JOURNAL ARTICLE

Survival and hepatitis C virus recurrence after liver transplantation in HIV- and hepatitis C virus-coinfected patients: experience in a single center

M Testillano, J R Fernandez, M J Suarez, M Gastaca, J Bustamante, J I Pijoan, M Montejo, A Valdivieso, P Ruiz, J Gonzalez, J Ortiz de Urbina
Transplantation Proceedings 2009, 41 (3): 1041-3
19376421

INTRODUCTION: Posttransplant hepatitis C virus (HCV) recurrence has been shown to negatively impact graft and patient survivals. It has been suggested that HCV recurrence among HIV- and HCV-coinfected transplant recipients is even more aggressive.

OBJECTIVE: To compare the histological severity and survival of posttransplant HCV recurrence between HIV- and HCV-coinfected and HCV-monoinfected patients.

PATIENTS AND METHODS: Among 72 adult patients who underwent primary liver transplantation at our institution for HCV-related cirrhosis between October 2001 and April 2007. We excluded one coinfected patient who died on postoperative day 5 leaving 12 HIV- and HCV-coinfected patients for comparison with 59 monoinfected patients. When listed, all coinfected patients fulfilled the criteria of the Spanish Consensus Document for transplantation in HIV patients. Immunosuppression did not differ between the two groups: all were treated with tacrolimus + steroids (slow tapering). Aggressive HCV recurrence was defined as cholestatic hepatitis and/or a fibrosis grade > or =2 during the first posttransplant year.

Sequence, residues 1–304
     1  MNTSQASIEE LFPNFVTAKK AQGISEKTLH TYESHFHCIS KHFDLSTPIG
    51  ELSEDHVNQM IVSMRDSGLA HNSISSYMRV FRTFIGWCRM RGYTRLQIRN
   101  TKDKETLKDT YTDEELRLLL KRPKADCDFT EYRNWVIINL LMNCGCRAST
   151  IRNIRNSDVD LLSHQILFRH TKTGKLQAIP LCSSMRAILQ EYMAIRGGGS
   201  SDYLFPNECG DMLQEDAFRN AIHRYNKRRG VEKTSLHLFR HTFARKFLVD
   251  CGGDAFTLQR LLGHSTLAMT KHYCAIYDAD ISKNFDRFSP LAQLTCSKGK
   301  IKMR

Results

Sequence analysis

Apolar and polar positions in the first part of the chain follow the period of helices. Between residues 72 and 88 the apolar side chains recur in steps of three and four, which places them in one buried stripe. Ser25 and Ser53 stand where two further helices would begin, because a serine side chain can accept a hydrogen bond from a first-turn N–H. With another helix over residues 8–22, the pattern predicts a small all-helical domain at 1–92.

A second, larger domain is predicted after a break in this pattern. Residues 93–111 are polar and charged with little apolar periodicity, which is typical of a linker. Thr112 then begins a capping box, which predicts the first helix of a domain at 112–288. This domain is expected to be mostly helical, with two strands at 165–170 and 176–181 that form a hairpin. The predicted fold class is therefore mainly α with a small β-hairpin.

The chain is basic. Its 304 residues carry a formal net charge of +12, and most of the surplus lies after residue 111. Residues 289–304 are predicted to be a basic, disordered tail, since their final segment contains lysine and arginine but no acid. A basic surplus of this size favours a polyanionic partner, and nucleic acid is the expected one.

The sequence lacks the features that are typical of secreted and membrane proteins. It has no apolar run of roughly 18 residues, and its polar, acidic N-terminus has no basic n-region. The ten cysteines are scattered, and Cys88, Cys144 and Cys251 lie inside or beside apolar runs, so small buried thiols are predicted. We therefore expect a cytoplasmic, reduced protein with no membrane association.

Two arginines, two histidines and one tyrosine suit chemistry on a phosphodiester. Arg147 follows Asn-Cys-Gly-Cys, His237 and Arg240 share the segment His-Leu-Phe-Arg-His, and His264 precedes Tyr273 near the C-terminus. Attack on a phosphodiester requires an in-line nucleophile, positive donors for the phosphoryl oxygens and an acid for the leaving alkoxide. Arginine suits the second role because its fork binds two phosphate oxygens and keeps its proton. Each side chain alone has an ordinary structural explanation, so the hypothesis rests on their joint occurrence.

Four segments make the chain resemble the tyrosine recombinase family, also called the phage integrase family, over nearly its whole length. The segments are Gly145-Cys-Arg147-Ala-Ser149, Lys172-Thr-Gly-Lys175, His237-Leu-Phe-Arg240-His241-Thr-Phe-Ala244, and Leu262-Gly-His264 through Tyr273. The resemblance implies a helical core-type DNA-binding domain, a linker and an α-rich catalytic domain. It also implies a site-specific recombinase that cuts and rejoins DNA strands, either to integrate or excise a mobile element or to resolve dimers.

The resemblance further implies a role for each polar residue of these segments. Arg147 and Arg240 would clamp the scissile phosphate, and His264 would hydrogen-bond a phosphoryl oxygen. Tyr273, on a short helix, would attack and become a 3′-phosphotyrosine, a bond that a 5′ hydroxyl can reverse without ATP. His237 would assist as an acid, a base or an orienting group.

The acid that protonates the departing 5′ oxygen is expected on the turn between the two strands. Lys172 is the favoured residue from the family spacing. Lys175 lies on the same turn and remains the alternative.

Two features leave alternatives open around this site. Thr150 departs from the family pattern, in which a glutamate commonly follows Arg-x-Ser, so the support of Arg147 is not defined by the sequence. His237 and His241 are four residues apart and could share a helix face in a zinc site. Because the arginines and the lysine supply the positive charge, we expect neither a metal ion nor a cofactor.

RESULTS: Coinfected patients were younger than monoinfected patients: 45 +/- 6 years vs 55 +/- 9 years (P = .0008). There were no differences in Child score, Model for End-stage Liver Disease score, donor age, graft steatosis, ischemia time, HCV pretransplant viral load or genotype between the groups. Significant rejection episodes were also equally distributed (25% vs 14%; P = .38). Seven coinfected patients and 29 monoinfected patients developed aggressive HCV recurrences (58% vs 49%; P = .75). Median follow-up was 924 days. Global survival at 3 years was 80%. Survivals at 1, 2, and 3 years were 83%, 75%, 62% in the coinfected vs 98%, 89%, 84% in the monoinfected patients, respectively (log-rank test = 0.09).

CONCLUSIONS: The severity of histological recurrence was similar among HIV- and HCV-coinfected and monoinfected HCV liver recipients in the first posttransplant year. Mortality attributed to recurrent HCV was similar in the groups. There were no short-term (3-year) differences in survival between the two groups of patients.

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